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New Roads Drive Buyers in Panama

New Roads Drive Buyers in Panama


When former Panamanian President Ernesto "the Bull" Balledares purchased property near Rodeo Viejo in 2004, the only access was a dirt road used mostly by farmers and villagers coming down from neighboring mountain towns. Prices were less than $1,800 per acre.
 
But upon executing a convenient new government road project to the destination, real estate prices shot up to over $8,400/acre, an increase of 400 percent.
 
Today, the past seems to be repeating itself as Panama City, Panama's most famous surf beach, Playa Teta, is getting a makeover starting with a paved road covering the 1.2 kilometer stretch from the Pan American Highway all the way down to the beach.
 
Developers began months ago on new projects in anticipation of the announcement, and property values are expected to follow a similar (if not more emphasized) trend.
 
It happened first in Costa Rica in the '90s and it happened in Panama's Playa Venao: dirt roads keep people away and keep land prices low...
 
The government announces a road development project with little fanfare...
 
Then the speculators move in.
 
And once the new road project is completed, the masses follow suit.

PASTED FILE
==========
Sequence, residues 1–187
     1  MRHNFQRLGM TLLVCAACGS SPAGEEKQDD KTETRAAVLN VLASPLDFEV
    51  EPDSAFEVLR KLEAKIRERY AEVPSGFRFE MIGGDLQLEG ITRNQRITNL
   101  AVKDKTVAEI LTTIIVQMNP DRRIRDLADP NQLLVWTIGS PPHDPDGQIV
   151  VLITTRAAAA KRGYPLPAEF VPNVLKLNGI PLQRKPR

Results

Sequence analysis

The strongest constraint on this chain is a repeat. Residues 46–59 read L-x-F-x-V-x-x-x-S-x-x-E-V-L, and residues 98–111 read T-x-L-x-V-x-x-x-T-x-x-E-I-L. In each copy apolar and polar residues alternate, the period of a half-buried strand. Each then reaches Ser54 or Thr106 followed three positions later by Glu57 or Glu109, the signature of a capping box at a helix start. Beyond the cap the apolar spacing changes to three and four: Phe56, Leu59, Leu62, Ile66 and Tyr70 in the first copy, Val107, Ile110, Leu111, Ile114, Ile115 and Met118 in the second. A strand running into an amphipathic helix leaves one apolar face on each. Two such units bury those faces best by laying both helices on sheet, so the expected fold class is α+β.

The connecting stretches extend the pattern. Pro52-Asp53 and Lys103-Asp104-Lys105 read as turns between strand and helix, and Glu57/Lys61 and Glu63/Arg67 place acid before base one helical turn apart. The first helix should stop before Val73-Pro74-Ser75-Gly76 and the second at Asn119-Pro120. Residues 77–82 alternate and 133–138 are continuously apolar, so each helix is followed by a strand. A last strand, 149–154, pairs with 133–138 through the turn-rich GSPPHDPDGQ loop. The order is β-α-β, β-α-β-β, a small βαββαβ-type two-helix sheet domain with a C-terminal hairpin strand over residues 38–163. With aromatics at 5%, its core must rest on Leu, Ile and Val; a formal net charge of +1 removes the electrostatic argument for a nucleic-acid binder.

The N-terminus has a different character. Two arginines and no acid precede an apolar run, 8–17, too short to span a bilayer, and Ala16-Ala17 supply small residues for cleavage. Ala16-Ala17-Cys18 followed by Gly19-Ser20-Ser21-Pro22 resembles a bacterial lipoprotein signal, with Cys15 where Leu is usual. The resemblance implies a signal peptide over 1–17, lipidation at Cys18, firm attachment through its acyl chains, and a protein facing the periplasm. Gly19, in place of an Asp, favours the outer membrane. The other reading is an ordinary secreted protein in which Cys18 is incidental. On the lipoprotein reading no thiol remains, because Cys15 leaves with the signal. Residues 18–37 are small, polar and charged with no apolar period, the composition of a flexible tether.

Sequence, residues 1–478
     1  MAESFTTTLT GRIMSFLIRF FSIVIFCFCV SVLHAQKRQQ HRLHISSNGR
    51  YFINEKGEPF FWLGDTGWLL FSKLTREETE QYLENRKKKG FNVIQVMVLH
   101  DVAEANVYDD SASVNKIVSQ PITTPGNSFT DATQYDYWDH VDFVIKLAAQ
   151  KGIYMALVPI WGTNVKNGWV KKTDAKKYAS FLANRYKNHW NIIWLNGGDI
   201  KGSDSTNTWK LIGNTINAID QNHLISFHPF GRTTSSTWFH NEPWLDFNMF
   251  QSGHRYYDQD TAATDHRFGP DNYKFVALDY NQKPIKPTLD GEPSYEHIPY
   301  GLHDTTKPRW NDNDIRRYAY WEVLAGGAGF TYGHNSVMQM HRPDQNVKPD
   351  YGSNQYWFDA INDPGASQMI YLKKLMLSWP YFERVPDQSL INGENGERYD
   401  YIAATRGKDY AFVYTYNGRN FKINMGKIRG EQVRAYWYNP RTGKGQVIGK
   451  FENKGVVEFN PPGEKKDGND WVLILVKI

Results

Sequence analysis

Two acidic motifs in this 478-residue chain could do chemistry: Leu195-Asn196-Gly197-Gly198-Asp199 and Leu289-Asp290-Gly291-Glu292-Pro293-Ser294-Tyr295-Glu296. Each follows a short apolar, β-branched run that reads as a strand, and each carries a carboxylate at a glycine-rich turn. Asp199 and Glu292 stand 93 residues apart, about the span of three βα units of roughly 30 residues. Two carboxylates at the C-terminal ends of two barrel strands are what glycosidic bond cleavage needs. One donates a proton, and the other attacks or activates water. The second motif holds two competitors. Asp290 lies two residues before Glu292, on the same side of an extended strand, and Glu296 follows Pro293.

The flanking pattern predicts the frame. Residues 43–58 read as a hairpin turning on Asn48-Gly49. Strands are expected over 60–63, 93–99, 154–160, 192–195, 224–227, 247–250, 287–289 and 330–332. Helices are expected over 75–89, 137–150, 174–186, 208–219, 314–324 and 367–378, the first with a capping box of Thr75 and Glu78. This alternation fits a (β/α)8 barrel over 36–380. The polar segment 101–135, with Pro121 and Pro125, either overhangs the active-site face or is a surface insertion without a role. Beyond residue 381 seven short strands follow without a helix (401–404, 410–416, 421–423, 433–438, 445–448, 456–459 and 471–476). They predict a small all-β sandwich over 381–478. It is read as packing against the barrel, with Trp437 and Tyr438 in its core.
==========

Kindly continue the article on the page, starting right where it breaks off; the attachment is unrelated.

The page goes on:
But information on new road projects is kept closely guarded, with government insiders typically the only ones in a position to capitalize.
 
And this series of events is now predicted to take place in Punta Barco, the beach town next door to Coronado, as its new government road project unfolds over the next three months.
 
Known for the consistent surf at Playa Teta, Punta Barco will change in 2014 as developers are seeing strong sales on the four residential projects directly accessed by the newly-announced paved road.
 
The most impressive of these projects by far is the Punta Barco Country Club, which will feature 180 homes within a gated community, offering luxury-style amenities at a "mid-range" price point.
 
Carved out on 10 hectares, the development group Davivienda is looking to fill a niche on the beach that's seen strong demand from foreign buyers and upper middle class Panamanians:  Single Family Homes under $250,000.
 
On the heels of this new road announcement, and before they have even completed their model showroom, reports show that Punta Barco Country Club has sold more than 30 homes "off-plan" in the gated community, which is a small but very obvious indication that early buyers knew about the road and knew that prices are going to be shooting through the roof in this, a previously sleepy surf beach.
 
Investors will be watching this development and others closely as the new road moves in and the area gains popularity through better access from Panama City and Coronado.

Kent Davis runs a boutique Panama real estate agency, Panama Equity, and has been living in Panama since 2007.

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